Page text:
Hello again friends! Today I am launching a new series all about plant-based homesteading. In this five-part series I am going to share a few things you can do to get your vegetarian, vegan, or plant-based homestead off the ground. Today I am sharing the most important step, starting a garden, with FIVE tips for starting a garden.
Five Tips for Starting a Garden
1. Diversify what you plant.
The first tip for starting a garden, is to diversify the crops you grow, and the varieties you grow of them. Bringing diversity into the garden is going to provide so many benefits. It’s going to provide YOU with so many nutrients. A balanced diet is so important, and what better way to create balance than by implementing diversity in your garden?! Diversity will also be better for the pollinators, prettier to look at, and better for pest control! It’s a win-win-win!
When you’re planning your garden, don’t forget about the flowers. Flowers are so important for an organic garden. They deter pests, attract pollinators, and add so much beauty to your space! We love to plant zinnias, poppies, and marigolds.
2. Plant what you eat.
The second tip for starting a garden is to plant what you eat. There is nothing more depressing as a gardener than wasted food. The best way to avoid this? Plant what you eat! Do you enjoy butternut squash soup? Plant plenty of winter squash. Or maybe you prefer spinach or kale over other greens.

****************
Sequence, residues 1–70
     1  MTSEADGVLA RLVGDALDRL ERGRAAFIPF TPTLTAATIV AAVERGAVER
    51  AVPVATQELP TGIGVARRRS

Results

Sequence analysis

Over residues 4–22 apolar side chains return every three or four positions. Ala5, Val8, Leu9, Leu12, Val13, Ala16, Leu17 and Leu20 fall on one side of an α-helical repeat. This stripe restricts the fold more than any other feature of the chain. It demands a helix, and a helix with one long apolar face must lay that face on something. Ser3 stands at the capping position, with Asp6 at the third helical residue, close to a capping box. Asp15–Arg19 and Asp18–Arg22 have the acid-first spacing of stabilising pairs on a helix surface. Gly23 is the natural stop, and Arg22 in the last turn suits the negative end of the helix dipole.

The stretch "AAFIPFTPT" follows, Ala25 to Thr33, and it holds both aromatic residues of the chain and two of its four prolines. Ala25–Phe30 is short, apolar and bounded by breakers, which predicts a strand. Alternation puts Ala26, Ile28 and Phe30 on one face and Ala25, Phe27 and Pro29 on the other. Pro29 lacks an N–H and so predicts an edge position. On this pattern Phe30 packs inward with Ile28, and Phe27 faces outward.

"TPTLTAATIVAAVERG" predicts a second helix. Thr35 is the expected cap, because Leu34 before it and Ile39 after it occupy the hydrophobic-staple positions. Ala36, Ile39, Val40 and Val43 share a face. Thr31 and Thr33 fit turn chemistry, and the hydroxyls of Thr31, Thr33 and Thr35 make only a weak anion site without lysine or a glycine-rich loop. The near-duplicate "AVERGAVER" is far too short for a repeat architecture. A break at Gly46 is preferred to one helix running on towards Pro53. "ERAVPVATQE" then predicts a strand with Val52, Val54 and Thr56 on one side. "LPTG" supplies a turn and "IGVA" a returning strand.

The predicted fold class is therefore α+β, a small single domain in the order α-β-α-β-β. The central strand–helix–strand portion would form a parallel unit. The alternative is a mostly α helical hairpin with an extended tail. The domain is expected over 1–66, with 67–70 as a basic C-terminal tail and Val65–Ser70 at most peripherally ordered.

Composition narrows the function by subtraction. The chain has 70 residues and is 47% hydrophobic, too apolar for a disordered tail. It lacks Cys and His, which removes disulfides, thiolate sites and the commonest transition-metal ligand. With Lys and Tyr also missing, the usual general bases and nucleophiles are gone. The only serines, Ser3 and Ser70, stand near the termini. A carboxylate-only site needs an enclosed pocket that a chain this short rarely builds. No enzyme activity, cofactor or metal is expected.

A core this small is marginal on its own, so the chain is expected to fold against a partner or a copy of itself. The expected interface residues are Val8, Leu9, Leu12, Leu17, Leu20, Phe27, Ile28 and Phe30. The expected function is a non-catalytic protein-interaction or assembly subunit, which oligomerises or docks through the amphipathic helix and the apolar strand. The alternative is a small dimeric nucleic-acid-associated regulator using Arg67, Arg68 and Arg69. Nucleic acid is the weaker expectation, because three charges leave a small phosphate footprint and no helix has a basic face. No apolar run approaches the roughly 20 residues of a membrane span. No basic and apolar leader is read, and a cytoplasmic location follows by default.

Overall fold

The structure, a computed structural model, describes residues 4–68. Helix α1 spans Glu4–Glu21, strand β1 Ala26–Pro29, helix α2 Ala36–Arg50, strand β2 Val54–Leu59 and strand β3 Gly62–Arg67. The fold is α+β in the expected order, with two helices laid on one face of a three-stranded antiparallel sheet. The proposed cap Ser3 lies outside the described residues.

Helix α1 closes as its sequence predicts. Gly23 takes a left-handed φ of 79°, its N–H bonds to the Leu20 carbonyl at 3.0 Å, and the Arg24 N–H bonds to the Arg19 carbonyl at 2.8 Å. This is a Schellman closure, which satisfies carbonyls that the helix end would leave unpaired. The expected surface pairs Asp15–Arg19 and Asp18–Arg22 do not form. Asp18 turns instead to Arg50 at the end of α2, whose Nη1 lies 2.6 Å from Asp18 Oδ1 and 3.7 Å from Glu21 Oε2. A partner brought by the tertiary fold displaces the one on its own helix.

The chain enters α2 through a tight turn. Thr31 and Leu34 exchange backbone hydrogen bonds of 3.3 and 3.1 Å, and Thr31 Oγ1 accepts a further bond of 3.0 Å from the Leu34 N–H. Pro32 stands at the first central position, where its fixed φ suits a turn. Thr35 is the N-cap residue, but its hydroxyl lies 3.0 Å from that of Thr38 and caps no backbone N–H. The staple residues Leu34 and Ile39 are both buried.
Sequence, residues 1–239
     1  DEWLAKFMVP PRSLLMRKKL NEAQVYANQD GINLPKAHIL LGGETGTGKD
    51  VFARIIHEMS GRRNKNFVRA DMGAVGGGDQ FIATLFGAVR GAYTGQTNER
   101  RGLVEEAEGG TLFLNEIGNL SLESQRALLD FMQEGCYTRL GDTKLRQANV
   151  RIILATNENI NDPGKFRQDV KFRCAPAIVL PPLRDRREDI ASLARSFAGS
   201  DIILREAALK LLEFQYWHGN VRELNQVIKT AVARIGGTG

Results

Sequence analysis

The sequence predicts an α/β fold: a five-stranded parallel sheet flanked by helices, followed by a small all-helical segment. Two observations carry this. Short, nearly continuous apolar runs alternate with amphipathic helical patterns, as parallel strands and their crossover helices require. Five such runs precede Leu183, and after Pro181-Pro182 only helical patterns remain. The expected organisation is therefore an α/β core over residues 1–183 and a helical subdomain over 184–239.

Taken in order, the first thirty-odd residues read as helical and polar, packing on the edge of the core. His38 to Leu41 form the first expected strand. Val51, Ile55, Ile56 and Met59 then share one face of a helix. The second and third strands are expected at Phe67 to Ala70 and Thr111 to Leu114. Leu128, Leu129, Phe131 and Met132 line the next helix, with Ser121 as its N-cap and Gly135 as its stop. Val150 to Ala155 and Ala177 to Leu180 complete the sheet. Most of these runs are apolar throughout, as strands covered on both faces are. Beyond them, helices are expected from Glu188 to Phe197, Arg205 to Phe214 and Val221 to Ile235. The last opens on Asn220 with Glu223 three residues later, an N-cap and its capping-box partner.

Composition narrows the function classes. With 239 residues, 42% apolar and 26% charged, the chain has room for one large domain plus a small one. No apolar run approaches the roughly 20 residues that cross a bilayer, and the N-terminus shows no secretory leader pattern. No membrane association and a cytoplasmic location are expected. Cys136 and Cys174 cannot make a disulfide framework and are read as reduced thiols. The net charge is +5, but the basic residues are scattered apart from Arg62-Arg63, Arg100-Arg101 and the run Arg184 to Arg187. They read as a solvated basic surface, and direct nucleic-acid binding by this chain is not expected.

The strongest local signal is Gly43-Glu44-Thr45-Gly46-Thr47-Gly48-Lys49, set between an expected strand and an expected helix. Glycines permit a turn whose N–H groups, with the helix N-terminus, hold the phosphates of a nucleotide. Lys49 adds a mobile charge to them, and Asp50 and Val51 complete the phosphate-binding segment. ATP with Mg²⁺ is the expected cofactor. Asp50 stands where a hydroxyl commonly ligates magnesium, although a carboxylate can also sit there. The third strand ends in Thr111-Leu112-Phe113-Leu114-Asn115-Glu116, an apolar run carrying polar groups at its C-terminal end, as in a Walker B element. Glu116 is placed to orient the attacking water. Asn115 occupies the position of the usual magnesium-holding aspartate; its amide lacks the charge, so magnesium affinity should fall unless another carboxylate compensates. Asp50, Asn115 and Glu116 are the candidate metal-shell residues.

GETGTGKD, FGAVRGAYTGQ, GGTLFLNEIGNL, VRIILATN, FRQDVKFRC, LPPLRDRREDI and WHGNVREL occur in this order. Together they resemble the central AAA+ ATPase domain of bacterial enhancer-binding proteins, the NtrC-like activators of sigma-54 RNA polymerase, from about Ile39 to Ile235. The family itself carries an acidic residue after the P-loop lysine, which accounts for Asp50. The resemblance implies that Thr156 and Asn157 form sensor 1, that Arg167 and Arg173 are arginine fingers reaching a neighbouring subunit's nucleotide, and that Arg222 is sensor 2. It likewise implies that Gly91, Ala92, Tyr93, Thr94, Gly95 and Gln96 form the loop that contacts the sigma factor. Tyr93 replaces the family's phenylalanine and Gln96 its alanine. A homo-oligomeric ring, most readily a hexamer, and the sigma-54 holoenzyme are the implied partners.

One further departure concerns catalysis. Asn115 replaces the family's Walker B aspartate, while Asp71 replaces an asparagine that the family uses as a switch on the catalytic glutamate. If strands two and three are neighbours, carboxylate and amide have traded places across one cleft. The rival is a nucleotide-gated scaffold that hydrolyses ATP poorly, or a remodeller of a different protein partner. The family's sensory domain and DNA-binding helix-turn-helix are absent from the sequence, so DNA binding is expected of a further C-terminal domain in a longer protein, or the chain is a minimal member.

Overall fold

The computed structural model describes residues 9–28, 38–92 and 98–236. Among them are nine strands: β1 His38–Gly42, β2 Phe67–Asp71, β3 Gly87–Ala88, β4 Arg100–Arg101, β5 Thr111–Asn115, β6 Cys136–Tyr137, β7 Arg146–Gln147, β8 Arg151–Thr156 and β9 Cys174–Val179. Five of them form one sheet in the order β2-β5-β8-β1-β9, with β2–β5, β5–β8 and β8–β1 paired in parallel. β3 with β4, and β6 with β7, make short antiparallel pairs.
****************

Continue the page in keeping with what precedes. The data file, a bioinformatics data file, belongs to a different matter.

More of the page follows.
Plant the things you enjoy eating, and then plant beyond that to encourage expanding your palette. I’ve learned so much about what I enjoy eating by trying new things. So while I absolutely recommend planting what you are already eating, I like to also encourage planting new things that you might not like, but are willing to give a shot. We will be planting Okra in addition to more summer squash this year, and I’m looking forward to trying new things and finding fun ways to cook with produce.
3. Plant foods that can be preserved & learn how to preserve them.
It is very important to consider how you can preserve foods if you are wanting to have a plant-based, vegetarian, or vegan homestead. That is why this is my third tip for starting a garden. If you’re in a northern region like I am, or maybe even a desert region where it gets too hot much of the year to grow a lot of food, regardless of where you live, preservation becomes important. There are so many ways to do this, depending on the crop and how you want to use it. Freezing, canning, dehydrating, fermenting, pickling, and growing foods that have a long natural shelf life are some of my favorite ways.
4. Maximize your space.
Tip number four for starting a garden is all about maximizing your garden space. If you take anything from this, I hope it is this: you CAN homestead no matter where you are! Whether you have acres of land to farm, or a table in your home where you can grow some microgreens indoors, homesteading is a mindset shift, a focus on connection with your food and your impact. That being said, when starting a garden, utilize the space you do have. It might be a patio where you can have some raised beds, like my girl Natalie at Hey It’s A Good Life, or it might be a ¼ of an acre. Whatever is it, use it well.